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The gift of life


John ‘Ricky’ Wilson chatting with Blood Collecting Technician with the Blood Collection Unit, Wendy Lorde as she prepares him for another blood donation.

Less than one per cent of the local population of Barbados regularly gives blood and this concerns the Blood Collection Centre at the Queen Elizabeth Hospital.

Anderlene Sealy, who has been in charge of the unit for the last twelve years says less than 200 people are consistent donors and many of them are still called upon to give blood in emergency situations, especially if there is a mass casualty event. The Centre needs a minimum of 25 units of blood daily and along with whole blood donation there is also a need for plasma and platelet donation.

Currently, most Barbadians only give blood if a relative or friend is pregnant, ill or if they were involved in an accident.

Sealy said that during hectic times of the year like Crop-Over and the holidays fewer people come to the centre making the deficit even more glaring.

Christopher Wiles has donated close to 50 units of blood to the QEH since the 1970’s. Recently he has been called upon to donate platelets. Here he is connected to a machine which extracts platelets from the blood.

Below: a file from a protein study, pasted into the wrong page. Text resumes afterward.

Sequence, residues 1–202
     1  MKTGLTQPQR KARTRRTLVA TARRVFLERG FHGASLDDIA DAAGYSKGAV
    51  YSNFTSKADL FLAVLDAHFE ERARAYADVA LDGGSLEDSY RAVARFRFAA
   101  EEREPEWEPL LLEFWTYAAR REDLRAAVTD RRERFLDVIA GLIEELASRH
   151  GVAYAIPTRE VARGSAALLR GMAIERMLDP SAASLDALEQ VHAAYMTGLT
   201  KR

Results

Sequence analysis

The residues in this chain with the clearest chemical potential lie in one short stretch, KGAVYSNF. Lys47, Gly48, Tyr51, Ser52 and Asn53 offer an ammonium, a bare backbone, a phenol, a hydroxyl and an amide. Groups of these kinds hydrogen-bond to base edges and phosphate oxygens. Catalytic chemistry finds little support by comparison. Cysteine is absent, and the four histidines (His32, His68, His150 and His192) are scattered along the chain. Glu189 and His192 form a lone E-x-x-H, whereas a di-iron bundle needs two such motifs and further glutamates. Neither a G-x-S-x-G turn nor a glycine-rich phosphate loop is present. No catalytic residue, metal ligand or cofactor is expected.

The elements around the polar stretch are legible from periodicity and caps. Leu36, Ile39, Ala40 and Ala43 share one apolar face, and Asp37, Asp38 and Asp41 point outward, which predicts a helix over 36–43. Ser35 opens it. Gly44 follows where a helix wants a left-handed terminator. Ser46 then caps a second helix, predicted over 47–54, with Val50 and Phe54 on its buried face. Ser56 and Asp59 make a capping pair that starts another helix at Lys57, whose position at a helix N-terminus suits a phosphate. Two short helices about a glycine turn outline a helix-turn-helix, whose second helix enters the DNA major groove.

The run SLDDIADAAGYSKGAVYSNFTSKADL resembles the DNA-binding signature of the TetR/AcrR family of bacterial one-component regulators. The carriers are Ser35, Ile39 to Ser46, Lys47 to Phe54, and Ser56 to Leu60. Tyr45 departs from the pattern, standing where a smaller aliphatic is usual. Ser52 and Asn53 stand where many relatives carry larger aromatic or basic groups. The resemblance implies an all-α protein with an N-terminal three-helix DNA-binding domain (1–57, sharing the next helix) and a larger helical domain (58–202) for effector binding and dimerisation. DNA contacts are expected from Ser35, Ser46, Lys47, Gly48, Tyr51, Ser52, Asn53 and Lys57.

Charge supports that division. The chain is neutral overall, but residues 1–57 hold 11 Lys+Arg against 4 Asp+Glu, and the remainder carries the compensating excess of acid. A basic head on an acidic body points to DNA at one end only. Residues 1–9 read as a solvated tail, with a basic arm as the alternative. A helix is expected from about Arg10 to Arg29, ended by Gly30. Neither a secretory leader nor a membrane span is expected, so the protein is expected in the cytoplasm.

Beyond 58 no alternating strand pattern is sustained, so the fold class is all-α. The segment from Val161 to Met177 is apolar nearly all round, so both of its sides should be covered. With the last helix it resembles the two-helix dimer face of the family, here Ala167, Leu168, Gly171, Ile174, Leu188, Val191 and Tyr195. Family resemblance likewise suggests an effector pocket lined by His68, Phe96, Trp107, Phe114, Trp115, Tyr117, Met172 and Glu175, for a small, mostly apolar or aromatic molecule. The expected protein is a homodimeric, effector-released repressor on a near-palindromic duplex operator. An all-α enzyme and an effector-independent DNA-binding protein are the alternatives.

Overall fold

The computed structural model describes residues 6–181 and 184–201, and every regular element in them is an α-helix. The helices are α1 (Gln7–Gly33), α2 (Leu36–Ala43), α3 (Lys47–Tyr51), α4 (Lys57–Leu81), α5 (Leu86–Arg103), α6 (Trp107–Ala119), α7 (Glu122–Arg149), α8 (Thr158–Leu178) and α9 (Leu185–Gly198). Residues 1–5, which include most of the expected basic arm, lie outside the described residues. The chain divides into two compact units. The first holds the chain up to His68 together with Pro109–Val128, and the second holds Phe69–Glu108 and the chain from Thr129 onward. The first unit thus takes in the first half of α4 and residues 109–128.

Christopher Wiles has donated close to 50 units of blood to the QEH since the 1970’s. Recently he has been called upon to donate platelets. Here he is connected to a machine which extracts platelets from the blood.

Speaking ahead of World Blood Donor Day which is being recognised tomorrow under the theme Give the gift of life: donate blood, she said the blood bank needs more deposits.

“If something happens you see a lot of people coming to the unit, in one instance we had about 60 people respond to requests following a major accident,” she said. “But out of that number only 48 met the criteria for giving blood voluntarily. We really need more donors.”

Fifty-year old John Wilson, also known as ‘Ricky’ is the Programme Manager for Environment, Energy and Climate Change for Barbados and the OECS at the United Nations Development Programme. He has been regularly donating blood since 1980, on average four times a year. He was first asked to make a donation while a student at the Harrison College after a fellow student was involved in a serious accident.

Of the 10 boys who went to give blood he believes he is the only one who has ever returned. He puts it down to a fear of needles.

“You thought it was going to be this big massive needle, when I got there I cracked jokes with all the ladies and it was quite an easy experience.” He said there is a quick, sharp sting from the needle, the blood is collected and a half-an-hour later it is all over,” he said.

But Sealy said some donors are also scared of finding out their HIV status.

“We’ve had people come in who say they don’t want to know the results, so yes I think that stops people from coming in,” she noted.

However, she further explained that the centre offers counseling for individuals who are not accepted as blood donors or who have abnormal test results.